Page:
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Perl should start to specify which functions and modules are thread-safe

by pg (Canon)
on Feb 02, 2003 at 18:41 UTC ( #232024=perlmeditation: print w/replies, xml ) Need Help??

As we saw in c, it always specifies what is safe with thread, what is unsafe. For example, strtok is unsafe with thread.

Perl does not do this, and this is extreamly dangerous. Of course, it is not a surprise to me, as Perl only started to have this real thread stuff since 5.8. However Perl should start this ASAP, otherwise it will bite everyone.

For example, I found Tie::File is not safe with thread. Try the following code on win32, see how account.txt is messed up.

use Tie::File; use threads; use strict; use constant NUMBER_OF_THREAD => 10; $|++; open(ACCOUNT, ">", "account.txt"); foreach (0..NUMBER_OF_THREAD) { print ACCOUNT "1000\n"; } close(ACCOUNT); tie my @account, "Tie::File", "account.txt" or die "cannot tie\n"; foreach (1..NUMBER_OF_THREAD) { my $kid = threads->create(\&thread_job, $_); $kid->detach(); } untie @account; sub thread_job { my $id = shift(); print "I am a child, this is the name my parents gave me: ", $id, +"\n"; while (1) { $account[$id] -= 100; $account[$id] += 100; } }

Foot Notes:

This post is for a general purpose, and it is not about Tie::File. Tie::File is just an example, and is the point where I started to think about this.

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Re: Perl should start to specify which function and module are thread-safe
by integral (Hermit) on Feb 02, 2003 at 19:58 UTC
    Tie::File is a bit different from a standard library function. The reason strtok isn't thread-safe is that it stores data in an internal static variable that is shared by the whole process, and isn't thread-local. The usual way to make something like this thread safe is to either eliminate the buffer or make the user of the function pass in the buffer to be used, allowing them to make sure its thread-local. This means that the function itself doesn't contain any thread-handling code, and places this burden on the user.

    The difference between Tie::File and a library function is clear. Tie::File explicitly stores information between calls. Once you know that Tie::File stores data and doesn't use locking, it should be immediately clear that using it without your own locking on the variable is not thread-safe.

    If you're using threads it should be the responsibility of the user to handle locking on shared variables as this allows consistency across their application and they can handle the hard bits like dead-lock resolution.

    integral, resident of freenode's #perl
      I understand what you said and fully agree with you. Your comment definitely made this thread more complete.

      However the situation here is a little bit more complex than what you just stated.

      From my application point of view, locking is not a problem. As you can see, I didn't use any lock at all, because each child thread will only access that array element belongs to it, so lock is not required from my point of view, or to be precise, my application's point of view.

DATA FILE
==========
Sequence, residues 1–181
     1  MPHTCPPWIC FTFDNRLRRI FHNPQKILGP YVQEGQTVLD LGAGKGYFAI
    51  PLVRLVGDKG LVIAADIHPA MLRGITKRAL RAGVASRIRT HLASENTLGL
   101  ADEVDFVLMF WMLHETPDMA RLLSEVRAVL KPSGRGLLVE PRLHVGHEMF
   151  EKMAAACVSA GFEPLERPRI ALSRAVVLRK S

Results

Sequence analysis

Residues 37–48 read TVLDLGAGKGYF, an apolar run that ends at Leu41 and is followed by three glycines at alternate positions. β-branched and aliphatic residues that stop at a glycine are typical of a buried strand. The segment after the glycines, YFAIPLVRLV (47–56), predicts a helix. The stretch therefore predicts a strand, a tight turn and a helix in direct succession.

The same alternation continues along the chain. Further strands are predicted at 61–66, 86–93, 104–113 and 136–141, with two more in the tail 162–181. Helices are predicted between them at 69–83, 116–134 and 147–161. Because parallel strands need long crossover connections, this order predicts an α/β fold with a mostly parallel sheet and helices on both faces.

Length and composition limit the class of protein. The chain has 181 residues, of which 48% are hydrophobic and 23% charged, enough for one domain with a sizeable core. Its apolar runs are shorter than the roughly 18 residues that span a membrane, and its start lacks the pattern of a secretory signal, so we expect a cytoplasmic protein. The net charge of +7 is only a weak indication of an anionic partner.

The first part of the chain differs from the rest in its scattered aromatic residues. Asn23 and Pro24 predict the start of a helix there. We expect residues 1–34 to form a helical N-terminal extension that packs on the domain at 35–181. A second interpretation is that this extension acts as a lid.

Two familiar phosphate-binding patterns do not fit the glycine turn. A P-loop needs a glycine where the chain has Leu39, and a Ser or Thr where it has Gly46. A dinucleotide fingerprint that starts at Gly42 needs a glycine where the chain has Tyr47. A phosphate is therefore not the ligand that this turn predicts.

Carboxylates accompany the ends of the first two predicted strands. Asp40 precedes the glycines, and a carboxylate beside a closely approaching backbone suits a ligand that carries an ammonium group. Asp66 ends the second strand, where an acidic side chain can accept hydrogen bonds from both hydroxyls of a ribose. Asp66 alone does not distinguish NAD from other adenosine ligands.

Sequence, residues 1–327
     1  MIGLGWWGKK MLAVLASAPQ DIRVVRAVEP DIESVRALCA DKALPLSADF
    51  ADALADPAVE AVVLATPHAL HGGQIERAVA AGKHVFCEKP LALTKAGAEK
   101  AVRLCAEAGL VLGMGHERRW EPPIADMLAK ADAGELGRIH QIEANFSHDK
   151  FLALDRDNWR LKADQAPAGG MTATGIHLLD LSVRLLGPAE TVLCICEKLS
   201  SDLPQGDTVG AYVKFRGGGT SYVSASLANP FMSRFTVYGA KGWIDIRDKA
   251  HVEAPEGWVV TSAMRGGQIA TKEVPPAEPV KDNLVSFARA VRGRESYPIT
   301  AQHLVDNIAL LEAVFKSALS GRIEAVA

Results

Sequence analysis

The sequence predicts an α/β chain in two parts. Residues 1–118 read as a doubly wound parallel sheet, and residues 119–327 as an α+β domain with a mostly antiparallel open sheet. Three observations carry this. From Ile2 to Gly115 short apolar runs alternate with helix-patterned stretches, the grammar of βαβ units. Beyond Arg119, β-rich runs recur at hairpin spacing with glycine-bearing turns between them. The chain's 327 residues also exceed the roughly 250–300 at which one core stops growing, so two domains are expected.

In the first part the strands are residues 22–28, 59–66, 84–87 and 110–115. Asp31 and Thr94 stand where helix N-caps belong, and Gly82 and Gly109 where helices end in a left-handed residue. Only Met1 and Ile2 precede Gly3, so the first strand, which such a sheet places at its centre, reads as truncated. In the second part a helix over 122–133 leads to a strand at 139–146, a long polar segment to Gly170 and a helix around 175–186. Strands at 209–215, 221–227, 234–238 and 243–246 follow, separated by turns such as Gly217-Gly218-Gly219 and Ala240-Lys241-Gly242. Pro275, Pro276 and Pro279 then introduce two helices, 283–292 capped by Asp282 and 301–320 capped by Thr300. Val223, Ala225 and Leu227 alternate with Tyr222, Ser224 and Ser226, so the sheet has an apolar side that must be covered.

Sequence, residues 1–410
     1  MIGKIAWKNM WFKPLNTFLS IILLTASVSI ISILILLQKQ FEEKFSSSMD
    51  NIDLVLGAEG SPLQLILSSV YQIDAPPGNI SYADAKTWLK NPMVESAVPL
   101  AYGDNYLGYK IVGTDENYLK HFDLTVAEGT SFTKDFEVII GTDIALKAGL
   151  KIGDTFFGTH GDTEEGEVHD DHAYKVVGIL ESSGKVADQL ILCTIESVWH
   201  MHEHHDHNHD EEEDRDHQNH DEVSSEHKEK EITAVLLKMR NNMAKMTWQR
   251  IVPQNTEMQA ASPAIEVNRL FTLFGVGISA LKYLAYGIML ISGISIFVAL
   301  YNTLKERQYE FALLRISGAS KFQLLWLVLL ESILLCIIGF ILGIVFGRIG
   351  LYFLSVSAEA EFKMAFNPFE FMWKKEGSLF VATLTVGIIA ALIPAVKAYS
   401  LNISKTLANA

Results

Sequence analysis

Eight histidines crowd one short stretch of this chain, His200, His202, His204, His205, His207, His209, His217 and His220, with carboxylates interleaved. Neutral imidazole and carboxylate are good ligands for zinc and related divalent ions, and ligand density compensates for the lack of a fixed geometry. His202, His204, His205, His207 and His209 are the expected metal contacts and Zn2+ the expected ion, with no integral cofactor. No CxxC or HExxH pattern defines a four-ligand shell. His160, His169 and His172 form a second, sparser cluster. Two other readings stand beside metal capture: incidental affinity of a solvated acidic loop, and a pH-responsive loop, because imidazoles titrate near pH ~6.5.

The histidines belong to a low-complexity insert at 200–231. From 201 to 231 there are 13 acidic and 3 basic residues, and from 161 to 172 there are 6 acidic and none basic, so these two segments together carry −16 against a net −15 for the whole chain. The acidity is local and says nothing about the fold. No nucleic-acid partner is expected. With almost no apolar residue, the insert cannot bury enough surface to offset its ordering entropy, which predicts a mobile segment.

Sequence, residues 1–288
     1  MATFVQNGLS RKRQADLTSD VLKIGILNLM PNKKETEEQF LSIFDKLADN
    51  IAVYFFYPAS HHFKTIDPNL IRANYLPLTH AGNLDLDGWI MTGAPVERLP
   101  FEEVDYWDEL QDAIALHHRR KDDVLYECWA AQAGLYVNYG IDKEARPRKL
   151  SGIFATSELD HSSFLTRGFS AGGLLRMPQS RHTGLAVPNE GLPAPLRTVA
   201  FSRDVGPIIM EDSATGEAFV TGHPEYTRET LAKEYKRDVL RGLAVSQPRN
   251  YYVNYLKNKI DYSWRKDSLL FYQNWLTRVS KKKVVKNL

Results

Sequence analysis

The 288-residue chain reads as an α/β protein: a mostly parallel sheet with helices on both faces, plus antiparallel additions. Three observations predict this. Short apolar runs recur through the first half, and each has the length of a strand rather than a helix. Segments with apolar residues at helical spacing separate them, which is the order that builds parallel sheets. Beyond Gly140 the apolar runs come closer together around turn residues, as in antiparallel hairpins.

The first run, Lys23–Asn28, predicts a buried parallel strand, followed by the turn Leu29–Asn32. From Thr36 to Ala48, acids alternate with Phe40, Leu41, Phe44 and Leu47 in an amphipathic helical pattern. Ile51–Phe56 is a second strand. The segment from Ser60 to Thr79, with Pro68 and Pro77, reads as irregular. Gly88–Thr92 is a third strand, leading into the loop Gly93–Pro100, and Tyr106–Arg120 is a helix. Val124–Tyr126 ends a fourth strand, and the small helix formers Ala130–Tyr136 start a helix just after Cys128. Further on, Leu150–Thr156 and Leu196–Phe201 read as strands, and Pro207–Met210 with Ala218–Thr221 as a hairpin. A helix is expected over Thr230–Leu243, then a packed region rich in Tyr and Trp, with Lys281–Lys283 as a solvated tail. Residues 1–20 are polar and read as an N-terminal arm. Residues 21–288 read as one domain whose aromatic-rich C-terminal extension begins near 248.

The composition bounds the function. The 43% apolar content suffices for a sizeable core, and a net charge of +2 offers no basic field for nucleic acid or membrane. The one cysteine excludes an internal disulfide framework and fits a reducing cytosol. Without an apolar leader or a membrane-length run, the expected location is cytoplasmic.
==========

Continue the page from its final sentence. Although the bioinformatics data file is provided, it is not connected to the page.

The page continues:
Now as for the internals used by Tie::File. I don't care, and I SHOULD NOT care. Although I read the code of that module before, but that is not required for using the module, thus there is no way to require the user to help lock Tie::File internals, as he/she most likely has no appreciation of what is going on in that module.

      If my logic requires some lock, the only thing I would and I am supposed to lock is @array, not any Tie::File internals.

      As for those Tie::File internals, if the author wants to make his package thread-safe, go do something, redesign it, apply lock whenever it is required ...

      Yes, to make a OO module thread-safe is a much bigger challenge than to make a usual function thread-safe, and this is my experience with c++ classes and pthread. This is for sure, and this most likely would require fundamental changes to Perl OO, (and I am thinking probably even the way perl variables are scoped, especially the main:: scope)
        My point of view is that it should be the job of the module writer to guess every possible situation of when a object. And this applies fine was a simple object like the Employee or Person often used in OO tuts. But it begins to break down when you get objects which could benefit from higher-grain locks. My approach would not to include locking in the core modules since this increases overhead in the large number of applications with threads, but to instead use an adaptor or subclass to wrap locks around each record and to manage them.

        You make a good point that by encapsulation you shouldn't need to know about locking, but surely the core algorithms for mapping a file to an array don't need to know about thread locking? This would be best served by adding another layer on top of the existing class.

        integral, resident of freenode's #perl
Re: Perl should start to specify which functions and modules are thread-safe
by zentara (Archbishop) on Feb 03, 2003 at 15:37 UTC
    I'm just starting to learn about threads myself, but have you looked at the Threads modules on cpan, it looks like Thread-Tie and Thread-Use seems to apply to your situation. It looks like Elizabeth Mattijsen is trying to work thru alot of these issues.

    From the perlthrtut: If you're using a module that's not thread-safe for some reason, you can protect yourself by using it from one, and only one thread at all. If you need multiple threads to access such a module, you can use semaphores and lots of programming discipline to control access to it.

    I guess the conventional wisdom, is if your app needs to keeps variable data separate, use a forked model. If your app needs to share variable data, use a threads model.

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